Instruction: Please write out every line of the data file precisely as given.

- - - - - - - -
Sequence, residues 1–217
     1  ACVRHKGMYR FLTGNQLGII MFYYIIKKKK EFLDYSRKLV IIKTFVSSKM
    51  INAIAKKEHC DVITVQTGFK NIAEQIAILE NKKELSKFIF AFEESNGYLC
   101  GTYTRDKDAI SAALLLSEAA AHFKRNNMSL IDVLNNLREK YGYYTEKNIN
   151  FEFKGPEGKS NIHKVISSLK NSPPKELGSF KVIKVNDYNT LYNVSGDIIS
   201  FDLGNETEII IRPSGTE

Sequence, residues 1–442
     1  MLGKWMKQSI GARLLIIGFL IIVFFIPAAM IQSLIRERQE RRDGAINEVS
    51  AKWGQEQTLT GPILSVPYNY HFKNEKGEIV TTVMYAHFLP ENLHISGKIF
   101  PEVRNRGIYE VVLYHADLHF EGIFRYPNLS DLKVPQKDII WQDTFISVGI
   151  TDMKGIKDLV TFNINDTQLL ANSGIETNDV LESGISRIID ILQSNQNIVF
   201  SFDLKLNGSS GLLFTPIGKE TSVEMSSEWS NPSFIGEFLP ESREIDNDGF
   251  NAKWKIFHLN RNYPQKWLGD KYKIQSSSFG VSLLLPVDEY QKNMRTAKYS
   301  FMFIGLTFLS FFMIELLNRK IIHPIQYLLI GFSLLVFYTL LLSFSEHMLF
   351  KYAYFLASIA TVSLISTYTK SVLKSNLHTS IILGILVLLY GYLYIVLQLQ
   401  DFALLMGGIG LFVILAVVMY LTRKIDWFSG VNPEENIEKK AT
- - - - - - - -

Sequence, residues 1–217
     1  ACVRHKGMYR FLTGNQLGII MFYYIIKKKK EFLDYSRKLV IIKTFVSSKM
    51  INAIAKKEHC DVITVQTGFK NIAEQIAILE NKKELSKFIF AFEESNGYLC
   101  GTYTRDKDAI SAALLLSEAA AHFKRNNMSL IDVLNNLREK YGYYTEKNIN
   151  FEFKGPEGKS NIHKVISSLK NSPPKELGSF KVIKVNDYNT LYNVSGDIIS
   201  FDLGNETEII IRPSGTE

Sequence, residues 1–442
     1  MLGKWMKQSI GARLLIIGFL IIVFFIPAAM IQSLIRERQE RRDGAINEVS
    51  AKWGQEQTLT GPILSVPYNY HFKNEKGEIV TTVMYAHFLP ENLHISGKIF
   101  PEVRNRGIYE VVLYHADLHF EGIFRYPNLS DLKVPQKDII WQDTFISVGI
   151  TDMKGIKDLV TFNINDTQLL ANSGIETNDV LESGISRIID ILQSNQNIVF
   201  SFDLKLNGSS GLLFTPIGKE TSVEMSSEWS NPSFIGEFLP ESREIDNDGF
   251  NAKWKIFHLN RNYPQKWLGD KYKIQSSSFG VSLLLPVDEY QKNMRTAKYS
   301  FMFIGLTFLS FFMIELLNRK IIHPIQYLLI GFSLLVFYTL LLSFSEHMLF
   351  KYAYFLASIA TVSLISTYTK SVLKSNLHTS IILGILVLLY GYLYIVLQLQ
   401  DFALLMGGIG LFVILAVVMY LTRKIDWFSG VNPEENIEKK AT